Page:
“This kind of psychological fear is always of something that might happen, not of something that is happening now.” Eckhart Tolle, The Power of Now

I don’t mind snakes. I certainly don’t want to come across a venomous one or spend a whole lot of time with a boa constrictor, but they do not send me into waves of fear like certain eight-legged (or six if you’re out west) crawly things. We let the black snake stay. He (or she) was big, probably five feet then, and – let’s be honest – he was there before us.
Then he discovered the chicken coop. For the past few years, he’s been an occasional visitor to the coop. Once a week in summer, maybe less. After September, he seemed to hibernate and when May hit, he’d show up now and then. He’d steal an egg or two…for us, if he kept away the rodents, we were willing to give up an egg from our small flock.

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He likes to burrow under the woodshavings in the coop and has been locked in the coop overnight. His backside is scarred with marks from pecking beaks. He’d never hurt the hens that we saw, although one night, during a thunderstorm, he gave us all a big scare. There’s a chance, a chance, he was squeezing one of the hens.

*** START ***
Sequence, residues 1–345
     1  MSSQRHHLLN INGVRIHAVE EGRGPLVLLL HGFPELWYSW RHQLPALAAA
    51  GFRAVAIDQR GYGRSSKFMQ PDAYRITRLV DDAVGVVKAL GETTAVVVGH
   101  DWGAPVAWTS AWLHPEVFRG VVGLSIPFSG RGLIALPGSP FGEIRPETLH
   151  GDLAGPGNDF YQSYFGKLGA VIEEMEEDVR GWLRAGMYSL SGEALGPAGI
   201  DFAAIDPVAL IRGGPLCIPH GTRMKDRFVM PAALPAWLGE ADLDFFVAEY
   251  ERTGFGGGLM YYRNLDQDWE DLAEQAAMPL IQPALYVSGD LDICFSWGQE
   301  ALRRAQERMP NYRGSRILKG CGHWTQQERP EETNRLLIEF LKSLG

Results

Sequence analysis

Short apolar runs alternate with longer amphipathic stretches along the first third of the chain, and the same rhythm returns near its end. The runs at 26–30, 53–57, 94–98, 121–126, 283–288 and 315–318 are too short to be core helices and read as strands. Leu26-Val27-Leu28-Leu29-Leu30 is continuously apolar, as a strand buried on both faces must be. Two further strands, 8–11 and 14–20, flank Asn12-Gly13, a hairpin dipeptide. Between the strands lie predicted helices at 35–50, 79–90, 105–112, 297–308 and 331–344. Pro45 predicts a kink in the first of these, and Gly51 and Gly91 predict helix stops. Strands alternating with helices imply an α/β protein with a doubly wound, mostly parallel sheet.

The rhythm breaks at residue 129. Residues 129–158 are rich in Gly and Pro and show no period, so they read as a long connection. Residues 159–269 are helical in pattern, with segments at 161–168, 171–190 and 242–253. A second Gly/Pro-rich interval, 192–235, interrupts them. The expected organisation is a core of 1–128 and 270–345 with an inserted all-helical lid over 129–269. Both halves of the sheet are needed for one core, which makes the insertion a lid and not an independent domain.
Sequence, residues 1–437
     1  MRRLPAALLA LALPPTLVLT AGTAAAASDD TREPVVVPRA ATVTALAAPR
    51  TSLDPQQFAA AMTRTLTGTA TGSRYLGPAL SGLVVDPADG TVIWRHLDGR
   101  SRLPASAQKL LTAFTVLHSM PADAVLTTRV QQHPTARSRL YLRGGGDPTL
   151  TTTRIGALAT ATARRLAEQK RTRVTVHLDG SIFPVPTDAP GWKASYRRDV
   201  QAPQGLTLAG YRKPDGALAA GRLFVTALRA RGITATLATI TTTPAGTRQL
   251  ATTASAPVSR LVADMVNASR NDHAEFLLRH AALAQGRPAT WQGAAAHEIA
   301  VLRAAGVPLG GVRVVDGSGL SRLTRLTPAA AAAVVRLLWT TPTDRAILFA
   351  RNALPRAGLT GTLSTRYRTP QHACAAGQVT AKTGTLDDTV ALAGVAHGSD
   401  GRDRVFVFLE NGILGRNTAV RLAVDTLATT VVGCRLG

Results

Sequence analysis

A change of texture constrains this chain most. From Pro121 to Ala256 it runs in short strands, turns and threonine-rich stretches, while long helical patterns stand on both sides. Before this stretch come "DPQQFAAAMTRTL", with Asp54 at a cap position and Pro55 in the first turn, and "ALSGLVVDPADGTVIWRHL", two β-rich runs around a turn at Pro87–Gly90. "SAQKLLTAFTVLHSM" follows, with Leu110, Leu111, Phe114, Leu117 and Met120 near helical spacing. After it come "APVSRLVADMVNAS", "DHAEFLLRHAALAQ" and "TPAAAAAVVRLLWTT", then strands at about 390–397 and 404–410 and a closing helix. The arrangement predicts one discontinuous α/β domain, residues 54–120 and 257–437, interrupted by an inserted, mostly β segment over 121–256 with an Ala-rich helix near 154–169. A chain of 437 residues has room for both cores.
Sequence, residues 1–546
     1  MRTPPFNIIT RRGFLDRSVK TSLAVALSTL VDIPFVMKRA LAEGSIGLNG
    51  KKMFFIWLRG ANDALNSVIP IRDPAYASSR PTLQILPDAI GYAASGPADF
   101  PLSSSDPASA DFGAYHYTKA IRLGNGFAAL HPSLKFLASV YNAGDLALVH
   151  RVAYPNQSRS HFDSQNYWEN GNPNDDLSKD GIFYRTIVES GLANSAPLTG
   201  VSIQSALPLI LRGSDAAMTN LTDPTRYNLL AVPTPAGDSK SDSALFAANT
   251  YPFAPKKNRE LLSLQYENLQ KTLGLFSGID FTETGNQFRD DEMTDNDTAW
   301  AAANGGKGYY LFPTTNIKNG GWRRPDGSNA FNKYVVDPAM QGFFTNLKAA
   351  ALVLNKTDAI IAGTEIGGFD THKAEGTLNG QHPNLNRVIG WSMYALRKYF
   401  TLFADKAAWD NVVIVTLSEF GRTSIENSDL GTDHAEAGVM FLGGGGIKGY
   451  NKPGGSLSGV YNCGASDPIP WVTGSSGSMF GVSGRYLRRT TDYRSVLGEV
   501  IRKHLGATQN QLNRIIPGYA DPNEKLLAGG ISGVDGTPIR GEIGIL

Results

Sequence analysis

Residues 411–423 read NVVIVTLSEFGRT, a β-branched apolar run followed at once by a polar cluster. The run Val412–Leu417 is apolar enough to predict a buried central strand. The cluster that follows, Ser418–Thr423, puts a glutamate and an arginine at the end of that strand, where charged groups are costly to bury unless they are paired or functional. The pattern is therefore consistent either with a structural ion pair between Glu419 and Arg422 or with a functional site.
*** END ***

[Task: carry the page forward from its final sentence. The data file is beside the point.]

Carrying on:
So we accept the snake.
This is what led to my acceptance. Sometimes the hens squawk when the snake shows up. Sometimes not. Like this. They’re calm.

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Sometimes its a surprise to open up the coop to collect eggs and there he is. This was one of the surprise times. I went back and got the broom to shoo him out – the usual method. And for the first time, I saw him with the egg already in his mouth. I’d never seen anything like it. I wasn’t a science kid, I’d never seen a snake eating up close.
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It was amazing, to me, to watch him unhinge his jaw and swallow that egg whole. The entire process took about a half hour. I sat about a foot away and recorded him. The egg made its way past his throat, and into his body. I think I even heard a crunch of the crushed eggshell.